Just released last week, we highly recommend Saulo Ribeiro's newest release, "Jiu-Jitsu University".
I just picked up my copy today and I'm really impressed with the way Saulo presents the material. Whether you're beginner, advanced, or somewhere in between, I think you'll find this book to be a good resource.
Your local bookstore should carry the book or, if online shopping is more your style, click here to order it from Amazon.
Here's a reader review:
This is a fairly comprehensive survey of the basics, covered in a belt-by-belt perspective. The photographic quality is emblematic of the new style of MA tutorials, with clear pictures, and techniques portrayed from multiple perspectives in a top-down, linear fashion. It's the same style used in Couture's "Wrestling for Fighting" and several other recent works.
There are scads of GJJ books on the market, so I will only cover what makes this one different from the rest. One noticeable difference is in the belt pedagogy. In the Gracie books, the techniques assigned to belt levels (if at all) are often apparently randomly selected and organized. Ribeiro, on the other hand, assigns a principle goal of each belt, and then organizes techniques in accordance with the goal. The main thing to realize is that many (most?) classes put defensive techniques and offensive techniquest together at each belt level, with proficiency, as well as learning some advanced techniques, being the key to getting the belt. Ribeiro, on the other hand, groups like techniques. Therefore, the reader's class will likely be out-of-step with this book. Ribeiro is presenting a pedagogy, not an encylopedia of techniques, so if you're considering this book, keep that in mind.
Amazon won't let you see the TOC yet, so I will break the chapters down.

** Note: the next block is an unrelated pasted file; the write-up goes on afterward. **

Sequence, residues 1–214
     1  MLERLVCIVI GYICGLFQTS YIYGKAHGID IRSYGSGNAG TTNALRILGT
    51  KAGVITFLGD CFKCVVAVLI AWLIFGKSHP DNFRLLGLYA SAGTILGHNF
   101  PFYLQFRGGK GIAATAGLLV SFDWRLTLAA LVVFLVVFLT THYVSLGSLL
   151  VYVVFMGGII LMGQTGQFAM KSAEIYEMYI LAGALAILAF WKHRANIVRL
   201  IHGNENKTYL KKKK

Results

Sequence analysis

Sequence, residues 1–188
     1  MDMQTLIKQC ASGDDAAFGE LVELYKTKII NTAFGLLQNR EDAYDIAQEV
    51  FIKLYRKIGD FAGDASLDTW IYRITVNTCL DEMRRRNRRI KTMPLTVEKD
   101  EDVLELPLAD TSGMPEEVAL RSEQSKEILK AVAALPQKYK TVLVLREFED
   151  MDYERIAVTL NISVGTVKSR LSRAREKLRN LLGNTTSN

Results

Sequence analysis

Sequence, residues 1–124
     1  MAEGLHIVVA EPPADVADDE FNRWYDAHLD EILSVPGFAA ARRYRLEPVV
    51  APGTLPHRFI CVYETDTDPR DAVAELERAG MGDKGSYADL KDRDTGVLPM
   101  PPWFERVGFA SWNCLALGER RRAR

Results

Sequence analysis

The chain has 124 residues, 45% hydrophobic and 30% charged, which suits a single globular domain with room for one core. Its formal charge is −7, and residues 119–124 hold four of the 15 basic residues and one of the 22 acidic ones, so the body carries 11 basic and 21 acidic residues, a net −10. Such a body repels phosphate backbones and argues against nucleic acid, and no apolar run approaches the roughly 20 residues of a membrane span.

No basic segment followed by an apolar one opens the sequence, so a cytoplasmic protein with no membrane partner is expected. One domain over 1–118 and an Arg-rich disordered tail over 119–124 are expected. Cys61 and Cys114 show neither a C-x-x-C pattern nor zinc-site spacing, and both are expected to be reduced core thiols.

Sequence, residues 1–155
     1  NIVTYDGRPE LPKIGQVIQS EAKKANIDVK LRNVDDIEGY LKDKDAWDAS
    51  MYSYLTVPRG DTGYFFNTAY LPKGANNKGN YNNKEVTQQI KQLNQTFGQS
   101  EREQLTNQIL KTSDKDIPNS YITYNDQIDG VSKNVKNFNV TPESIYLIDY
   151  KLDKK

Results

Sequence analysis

White belt: The goal is "survival," which seems completely reasonable to me, at least as a focus. This chapter covers the correct positions to attain and to hold while you're under another player's mount (top, side, back, etc.). Ribeiro lists the mistakes he thinks players typically make when defending against submissions in these positions, and some of his techniques are slightly different from what I've seen taught elsewhere. The point here is that the new player hasn't learned, or at least, isn't proficient at, escapes or submissions yet, and he needs to learn how to survive while thinking of his next move. I found Ribeiro's pointers to be useful...things I wish I would have learned on my first day of class (instead of being thrown to the wolves).
Blue belt: The goal of the blue belt is to focus on escapes. Escapes are discussed from the the above positions, and, as in the earlier (and later) chapters, Ribeiro lists mistakes players typically make, as well as his own unique techniques.
One primary difference, then, is that this book provides no offensive techniques for either the white belt or the blue belt. That's okay from the standpoint of this book being a supplement to actual classes, but would be quite interesting if the book were akin to Ribeiro's classes. My school failed where Ribeiro succeeeds -- focusing on survival, or at least, defensive techniques, for the lower belts -- but my school was also, I think, more conventional in that it required excellence in dozens of offensive techniques in order for blue belt to be acheived.
Purple belt: The goal of this belt is to become proficient in the guard. The earlier pattern continues.
Brown belt: The goal of this belt is to learn guard passing. The earlier pattern continues, and a variety of basic and advanced techniques are presented.
Black belt: The goal of the black belt chapter is to learn submissions.
Anyway, the moral of the story is to be clear on what you want when choosing a supplemental text. This book presents sound techniques and an interesting approach to study, but one that is likely to be completely out of sync with what the reader needs to learn in order to get ahead in class. Other books present laundry list of techniques without any sense of order or purpose.
Hope this helps.